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Discussion Starter #1
I just clocked my Dana 300 tcase so I could run flat skid pan and now my front drive shaft binds at the tcase yoke. I read several of the write-up on other people's clocking projects and I don't remember any of them having issues with their driveshafts. I measure the slope of the drive shaft at about 21 degrees with the output of the Tcase pointing up at 5 degrees and the output of the pinion is pointing down 5 degrees. Has anyone else had a similar problems when clockign their transfer case?

The rig: 85 CJ7 SOA with waggy D44. Running Waggy springs.
 

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drive shaft

get a new drive shaft with bigger yoke's, as some even using the same size u-joint will bind at a lower angle. not all can fit into a 4x4 app.
what % is there at the pinion?

and 25% is steep. (the up at 5% and down at 21%)
 

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my issue wasn't bind, it is the d/s hitting the trans pan. going to a two pcs d/s to hopefully resolve my issue
:grinpimp:
good luck
 

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21* shaft + 5* up on t-case output + 5* down on pinion = 31* angle at rest, basically your angles are just all fawked up. Cut and turn your front end so the pinion is higher, get rid of the t-case drop so its sitting flat, and then work on your angles. Just as a guess if you go to a CV at the t-case, you could probably raise your pinion 10* or more. Losing the t-case drop will be another 5* in your favor, driveshaft would probably end up right in the middle of its operating angle range for a decently long life.
 

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Discussion Starter #5
kwrangln said:
get rid of the t-case drop so its sitting flat, and then work on your angles. .

Not sure what you mean by that. I clocked my T-case UP to flat so I could run a flatpan and that is what caused this problem.
 

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You said the t-case front output was angled up 5*, how did it get that way? for that to be the case either you raised the motor mounts or dropped the tranny mount to get the engine centerline at an angle down in the rear. Just because you clocked the t-case and raised the skid does not mean the mount is as high as it should be, its a seperate issue.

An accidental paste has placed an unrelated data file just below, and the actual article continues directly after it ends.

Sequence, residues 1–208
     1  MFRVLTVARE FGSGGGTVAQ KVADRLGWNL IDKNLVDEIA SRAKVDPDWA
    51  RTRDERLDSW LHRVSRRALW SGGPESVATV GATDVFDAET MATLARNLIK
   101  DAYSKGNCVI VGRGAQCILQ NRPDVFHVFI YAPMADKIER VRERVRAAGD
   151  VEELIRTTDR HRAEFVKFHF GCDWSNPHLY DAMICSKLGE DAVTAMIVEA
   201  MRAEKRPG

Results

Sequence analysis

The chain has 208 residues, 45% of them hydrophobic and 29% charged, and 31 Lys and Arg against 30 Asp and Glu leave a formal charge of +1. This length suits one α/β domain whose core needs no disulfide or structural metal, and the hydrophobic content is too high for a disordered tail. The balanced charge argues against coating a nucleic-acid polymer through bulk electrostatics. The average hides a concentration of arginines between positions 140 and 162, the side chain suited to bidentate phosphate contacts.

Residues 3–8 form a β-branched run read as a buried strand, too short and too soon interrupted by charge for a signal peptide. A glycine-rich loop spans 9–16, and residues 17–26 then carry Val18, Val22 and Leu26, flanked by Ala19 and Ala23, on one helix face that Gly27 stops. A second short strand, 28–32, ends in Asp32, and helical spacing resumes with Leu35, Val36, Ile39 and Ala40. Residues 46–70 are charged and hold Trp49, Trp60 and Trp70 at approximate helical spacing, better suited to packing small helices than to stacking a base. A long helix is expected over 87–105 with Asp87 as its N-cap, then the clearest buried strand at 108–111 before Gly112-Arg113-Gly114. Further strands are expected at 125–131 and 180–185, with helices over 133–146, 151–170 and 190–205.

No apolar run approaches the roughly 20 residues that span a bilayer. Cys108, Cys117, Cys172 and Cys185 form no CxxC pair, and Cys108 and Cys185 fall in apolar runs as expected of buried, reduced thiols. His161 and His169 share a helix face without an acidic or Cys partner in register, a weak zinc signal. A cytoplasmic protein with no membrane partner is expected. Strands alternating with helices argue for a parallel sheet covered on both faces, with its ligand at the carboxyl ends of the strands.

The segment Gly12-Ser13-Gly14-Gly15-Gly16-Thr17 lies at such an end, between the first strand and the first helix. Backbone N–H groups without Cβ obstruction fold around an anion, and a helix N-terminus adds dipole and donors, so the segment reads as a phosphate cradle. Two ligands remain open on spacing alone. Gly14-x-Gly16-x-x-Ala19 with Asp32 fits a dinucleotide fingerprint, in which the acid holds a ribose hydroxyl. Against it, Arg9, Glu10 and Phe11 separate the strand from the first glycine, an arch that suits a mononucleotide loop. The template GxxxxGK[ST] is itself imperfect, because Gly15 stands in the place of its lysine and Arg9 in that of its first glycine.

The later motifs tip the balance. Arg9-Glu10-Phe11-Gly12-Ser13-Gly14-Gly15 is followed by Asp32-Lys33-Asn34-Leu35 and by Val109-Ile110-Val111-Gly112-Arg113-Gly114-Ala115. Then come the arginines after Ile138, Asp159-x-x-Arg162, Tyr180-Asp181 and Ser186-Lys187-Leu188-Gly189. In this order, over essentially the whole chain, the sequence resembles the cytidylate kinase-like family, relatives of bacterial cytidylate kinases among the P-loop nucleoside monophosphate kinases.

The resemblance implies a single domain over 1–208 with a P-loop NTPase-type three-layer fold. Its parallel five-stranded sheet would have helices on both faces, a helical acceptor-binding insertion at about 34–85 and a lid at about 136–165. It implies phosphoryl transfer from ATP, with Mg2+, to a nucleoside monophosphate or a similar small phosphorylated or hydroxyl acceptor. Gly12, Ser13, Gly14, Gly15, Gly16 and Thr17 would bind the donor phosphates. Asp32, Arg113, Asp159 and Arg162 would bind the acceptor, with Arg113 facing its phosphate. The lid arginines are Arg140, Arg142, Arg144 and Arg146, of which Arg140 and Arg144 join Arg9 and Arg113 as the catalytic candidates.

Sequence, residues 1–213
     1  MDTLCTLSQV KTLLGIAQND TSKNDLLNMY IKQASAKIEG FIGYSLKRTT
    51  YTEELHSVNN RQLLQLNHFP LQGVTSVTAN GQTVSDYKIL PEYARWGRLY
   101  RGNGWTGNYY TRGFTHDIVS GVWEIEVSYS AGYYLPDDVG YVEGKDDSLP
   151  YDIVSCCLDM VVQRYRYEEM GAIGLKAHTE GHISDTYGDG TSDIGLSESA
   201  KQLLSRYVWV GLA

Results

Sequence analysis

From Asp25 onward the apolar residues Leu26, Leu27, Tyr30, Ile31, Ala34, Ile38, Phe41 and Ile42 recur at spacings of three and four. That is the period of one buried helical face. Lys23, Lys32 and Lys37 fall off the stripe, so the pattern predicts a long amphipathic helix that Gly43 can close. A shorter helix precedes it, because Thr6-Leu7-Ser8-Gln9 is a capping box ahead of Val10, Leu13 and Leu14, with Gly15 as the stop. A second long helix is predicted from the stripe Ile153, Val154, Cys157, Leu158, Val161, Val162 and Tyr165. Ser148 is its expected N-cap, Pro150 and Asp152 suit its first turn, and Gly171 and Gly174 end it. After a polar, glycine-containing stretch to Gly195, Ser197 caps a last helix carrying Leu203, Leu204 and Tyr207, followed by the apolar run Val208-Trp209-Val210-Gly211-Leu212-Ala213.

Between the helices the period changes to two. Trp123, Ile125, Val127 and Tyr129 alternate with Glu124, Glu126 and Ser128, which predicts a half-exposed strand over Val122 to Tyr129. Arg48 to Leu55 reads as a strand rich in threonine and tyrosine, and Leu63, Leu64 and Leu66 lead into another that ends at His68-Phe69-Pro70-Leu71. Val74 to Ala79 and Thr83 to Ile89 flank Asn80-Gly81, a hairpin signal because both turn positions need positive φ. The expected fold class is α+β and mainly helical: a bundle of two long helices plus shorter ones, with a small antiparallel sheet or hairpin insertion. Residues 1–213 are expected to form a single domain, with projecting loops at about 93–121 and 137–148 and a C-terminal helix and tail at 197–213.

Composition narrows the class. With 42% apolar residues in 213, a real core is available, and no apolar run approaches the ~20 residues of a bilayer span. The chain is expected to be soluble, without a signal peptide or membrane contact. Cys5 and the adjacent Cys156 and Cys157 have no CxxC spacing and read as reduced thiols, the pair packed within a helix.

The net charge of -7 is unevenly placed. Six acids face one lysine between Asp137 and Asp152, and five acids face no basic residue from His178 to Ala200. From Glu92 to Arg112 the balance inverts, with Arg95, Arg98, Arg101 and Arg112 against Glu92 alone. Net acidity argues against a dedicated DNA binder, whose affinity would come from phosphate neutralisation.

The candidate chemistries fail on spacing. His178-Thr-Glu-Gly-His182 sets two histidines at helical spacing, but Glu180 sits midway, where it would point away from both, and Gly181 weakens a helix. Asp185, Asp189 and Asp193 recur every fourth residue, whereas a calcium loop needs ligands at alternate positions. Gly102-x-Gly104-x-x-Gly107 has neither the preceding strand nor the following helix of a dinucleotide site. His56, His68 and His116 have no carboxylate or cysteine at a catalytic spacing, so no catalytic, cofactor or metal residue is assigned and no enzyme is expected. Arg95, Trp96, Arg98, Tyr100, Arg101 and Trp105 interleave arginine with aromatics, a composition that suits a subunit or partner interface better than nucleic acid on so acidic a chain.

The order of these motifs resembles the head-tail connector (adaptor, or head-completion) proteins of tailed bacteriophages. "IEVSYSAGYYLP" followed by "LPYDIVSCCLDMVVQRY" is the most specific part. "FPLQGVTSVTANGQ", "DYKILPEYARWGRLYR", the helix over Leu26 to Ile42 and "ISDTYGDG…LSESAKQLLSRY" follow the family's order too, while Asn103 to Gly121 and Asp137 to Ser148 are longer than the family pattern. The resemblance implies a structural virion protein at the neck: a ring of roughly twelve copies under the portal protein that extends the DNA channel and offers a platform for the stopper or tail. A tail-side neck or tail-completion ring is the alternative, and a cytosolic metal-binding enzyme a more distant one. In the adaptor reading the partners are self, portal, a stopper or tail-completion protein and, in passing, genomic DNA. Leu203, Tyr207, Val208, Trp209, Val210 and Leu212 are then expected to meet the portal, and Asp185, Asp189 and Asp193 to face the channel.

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Discussion Starter #7
I believe that 5 degrees is stock. The overall drivetrain (engine, tranny, and T-case) slopes slightly down toward the rear. That means there is a slight up angle on the front t-case output.
 

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I had the same problem on my CJ. I fixed it by swapping in a High angle 1350 CV shaft and rotating the front 60 to match. The 1350 will not handle more angle than that, but with the pinion pointed up, it is not that much anymore.
 

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kwrangln is right your running about 31*. Your going to have to lower the motor slightley or lower the all three (motor, tranny, transfer case:will get you a better angle) . You can still have the Dana 300 flat but it will help with the angle of the transfer case some. You can also run a C/V style driveshaft up front which will help with the angle.

It all depends on what you want to do. Stretching the Front wheelbase will help.
 

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I had the same issue after clocking the D300. The t-case does angle up a few degrees. If money and time is an issue then get the Tom Woods Superflex u-joint for $60. I could care less about vibrations in the front, so it has worked well for me. This joint will get you an extra 10* or so.
 

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Discussion Starter #11
Called the shop that made my d-shaft (Carolina Driveline in Spartanburg SC) and discussed it with them. they suggested the same thing as BlueCJeep did. I had a long travel large spline front shaft and they said that it would probably vibrate at highway speeds anyway, so the Superflex joint wouldn’t be that big of a deal. They said that if I sent it back to them they would swap out the U-joint and only charge me the difference. They even said that they would cover shipping back to me (Thanks Tom!!)

I don't really want to tear into my front axle and rotate the pinion, so I think this is the best option. We’ll see how it works.
 
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